Dad and the Family Portrait
C. Richard Patton
"Your other left," I heard myself saying for the third time. My god, I really have turned into my father. I know that's not really a bad thing; my dad served his country and still found time for us kids when we were growing up, and even fit in his poker game, sometimes, when family and work allowed.
"Jimmy, son, try moving _behind_ your sister;" I continued. "I still can't see her. There. Now everybody hold still! I'm going to set the timer for six seconds and jump into the spot next to Mom." I was being upbeat and fun, wasn't I?
Then Jimmy said, "Every time Dad gets a new camera, we have 'Family Portrait Day'", distracting me just as I hit start on the camera's timer. The new digital Canon jiggled on the second-hand tripod. I steadied it, double checked the image on the LCD screen, and headed for my place next to my wife.
...Two, one, Ka-click! Crap. Not even close. The chorus of "Aw, Dad!" from everyone, even Mary my wife, was disheartening.
"Okay, that's a wrap!" I said, using my mock director's voice and still trying to be fun. "We'll try again when I've got it more figured out -- and when there's a better attitude among the troops." Oh, God, there was my dad again. He had always called my two brothers and me "the troops". How three boys made a troop I had never understood.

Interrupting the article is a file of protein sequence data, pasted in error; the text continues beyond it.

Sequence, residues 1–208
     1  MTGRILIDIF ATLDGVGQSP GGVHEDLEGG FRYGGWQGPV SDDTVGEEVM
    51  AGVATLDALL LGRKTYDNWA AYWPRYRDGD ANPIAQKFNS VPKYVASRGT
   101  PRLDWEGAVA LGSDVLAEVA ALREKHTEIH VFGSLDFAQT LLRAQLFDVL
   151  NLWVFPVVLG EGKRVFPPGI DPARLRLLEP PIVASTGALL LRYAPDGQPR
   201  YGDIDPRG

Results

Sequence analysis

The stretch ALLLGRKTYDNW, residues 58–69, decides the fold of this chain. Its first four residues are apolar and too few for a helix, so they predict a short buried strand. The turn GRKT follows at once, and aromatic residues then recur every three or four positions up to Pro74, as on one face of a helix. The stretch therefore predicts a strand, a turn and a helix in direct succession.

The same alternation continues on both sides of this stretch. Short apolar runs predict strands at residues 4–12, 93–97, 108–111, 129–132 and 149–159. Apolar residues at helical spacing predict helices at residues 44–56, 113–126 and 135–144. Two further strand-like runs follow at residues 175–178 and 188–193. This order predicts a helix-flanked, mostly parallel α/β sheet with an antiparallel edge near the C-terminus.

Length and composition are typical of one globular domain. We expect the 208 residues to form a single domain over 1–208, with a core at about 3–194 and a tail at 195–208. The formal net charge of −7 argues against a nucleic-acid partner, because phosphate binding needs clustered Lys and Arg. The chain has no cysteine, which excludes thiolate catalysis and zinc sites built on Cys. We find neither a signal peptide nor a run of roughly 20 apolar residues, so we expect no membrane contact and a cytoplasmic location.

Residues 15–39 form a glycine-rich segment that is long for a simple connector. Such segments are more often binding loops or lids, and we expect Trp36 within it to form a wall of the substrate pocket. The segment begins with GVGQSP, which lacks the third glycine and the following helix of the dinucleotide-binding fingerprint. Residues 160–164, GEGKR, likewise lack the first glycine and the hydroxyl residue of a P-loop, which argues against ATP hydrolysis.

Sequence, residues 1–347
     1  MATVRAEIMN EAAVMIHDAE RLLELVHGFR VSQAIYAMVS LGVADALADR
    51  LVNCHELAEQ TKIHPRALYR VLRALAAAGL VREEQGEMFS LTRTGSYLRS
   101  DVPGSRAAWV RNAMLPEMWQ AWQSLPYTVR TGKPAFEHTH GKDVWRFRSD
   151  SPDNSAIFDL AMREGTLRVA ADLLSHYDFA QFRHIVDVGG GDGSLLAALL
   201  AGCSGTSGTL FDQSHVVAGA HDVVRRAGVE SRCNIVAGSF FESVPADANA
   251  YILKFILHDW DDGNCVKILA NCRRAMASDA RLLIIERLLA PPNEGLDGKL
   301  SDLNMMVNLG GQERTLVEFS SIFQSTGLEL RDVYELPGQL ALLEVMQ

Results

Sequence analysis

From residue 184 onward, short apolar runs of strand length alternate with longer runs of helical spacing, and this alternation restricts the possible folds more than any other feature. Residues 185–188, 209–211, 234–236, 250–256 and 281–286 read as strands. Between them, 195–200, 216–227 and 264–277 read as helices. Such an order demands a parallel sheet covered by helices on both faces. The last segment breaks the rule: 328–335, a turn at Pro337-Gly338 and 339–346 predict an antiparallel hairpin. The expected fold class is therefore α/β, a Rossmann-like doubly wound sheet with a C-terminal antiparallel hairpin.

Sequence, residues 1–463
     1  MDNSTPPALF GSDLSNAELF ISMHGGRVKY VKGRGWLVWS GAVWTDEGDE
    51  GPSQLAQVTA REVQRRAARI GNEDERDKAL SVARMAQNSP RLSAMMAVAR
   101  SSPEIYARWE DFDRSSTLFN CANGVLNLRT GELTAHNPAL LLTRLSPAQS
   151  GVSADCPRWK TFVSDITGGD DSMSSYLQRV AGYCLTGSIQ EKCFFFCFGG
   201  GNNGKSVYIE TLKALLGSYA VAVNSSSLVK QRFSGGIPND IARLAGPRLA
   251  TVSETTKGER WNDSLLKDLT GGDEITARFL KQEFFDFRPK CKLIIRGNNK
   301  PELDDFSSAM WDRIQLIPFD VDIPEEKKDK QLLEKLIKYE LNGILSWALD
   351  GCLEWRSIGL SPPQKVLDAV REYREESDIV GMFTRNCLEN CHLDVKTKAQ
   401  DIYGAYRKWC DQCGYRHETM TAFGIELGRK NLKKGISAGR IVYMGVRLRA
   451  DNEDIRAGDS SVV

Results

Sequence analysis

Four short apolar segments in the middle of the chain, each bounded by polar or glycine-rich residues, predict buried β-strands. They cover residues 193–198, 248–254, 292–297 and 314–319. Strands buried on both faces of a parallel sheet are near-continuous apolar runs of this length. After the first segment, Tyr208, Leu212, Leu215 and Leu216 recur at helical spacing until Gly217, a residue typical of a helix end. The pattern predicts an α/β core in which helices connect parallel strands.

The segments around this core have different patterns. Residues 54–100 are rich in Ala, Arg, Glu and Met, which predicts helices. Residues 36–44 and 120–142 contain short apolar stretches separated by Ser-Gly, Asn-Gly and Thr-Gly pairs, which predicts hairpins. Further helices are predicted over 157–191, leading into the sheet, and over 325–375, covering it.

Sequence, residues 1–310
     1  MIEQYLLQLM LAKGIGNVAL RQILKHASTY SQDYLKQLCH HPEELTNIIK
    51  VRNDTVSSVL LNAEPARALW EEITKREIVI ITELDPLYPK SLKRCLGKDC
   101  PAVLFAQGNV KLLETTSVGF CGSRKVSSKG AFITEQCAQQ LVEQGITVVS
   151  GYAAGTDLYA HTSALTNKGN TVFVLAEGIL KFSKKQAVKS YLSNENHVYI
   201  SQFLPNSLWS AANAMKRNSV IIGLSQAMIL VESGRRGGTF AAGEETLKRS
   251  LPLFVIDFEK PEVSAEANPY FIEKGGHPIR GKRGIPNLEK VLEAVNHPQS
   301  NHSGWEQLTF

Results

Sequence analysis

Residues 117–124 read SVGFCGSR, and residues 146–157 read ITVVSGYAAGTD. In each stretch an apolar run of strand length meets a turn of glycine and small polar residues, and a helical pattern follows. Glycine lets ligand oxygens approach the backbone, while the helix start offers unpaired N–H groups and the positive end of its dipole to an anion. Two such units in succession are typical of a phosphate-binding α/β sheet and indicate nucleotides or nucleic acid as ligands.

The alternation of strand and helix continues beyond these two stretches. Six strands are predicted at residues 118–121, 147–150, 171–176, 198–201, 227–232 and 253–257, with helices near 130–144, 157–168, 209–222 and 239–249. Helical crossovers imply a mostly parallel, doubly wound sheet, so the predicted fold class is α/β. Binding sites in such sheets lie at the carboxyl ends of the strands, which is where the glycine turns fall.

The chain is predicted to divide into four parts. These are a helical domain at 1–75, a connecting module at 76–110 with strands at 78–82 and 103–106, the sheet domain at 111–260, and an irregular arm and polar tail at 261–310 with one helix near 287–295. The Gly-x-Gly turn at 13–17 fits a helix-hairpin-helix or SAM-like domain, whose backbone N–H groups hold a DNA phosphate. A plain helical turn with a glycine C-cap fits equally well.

After the intended contents of my family portrait dispersed, I started reading the new camera's manual. I'd be ready next time. Hmmm, my dad never
read instruction manuals -- not once in his life as far as I could recall. Maybe I haven't become my father! Maybe I _have_ grown up to be my own unique person, a product of family, yes, but also of a liberal arts education, and of the things I've seen and done.
It cheered me a bit and I went back to the camera; but as I did, a new thought popped into my head: Mom, of course, always read the manual.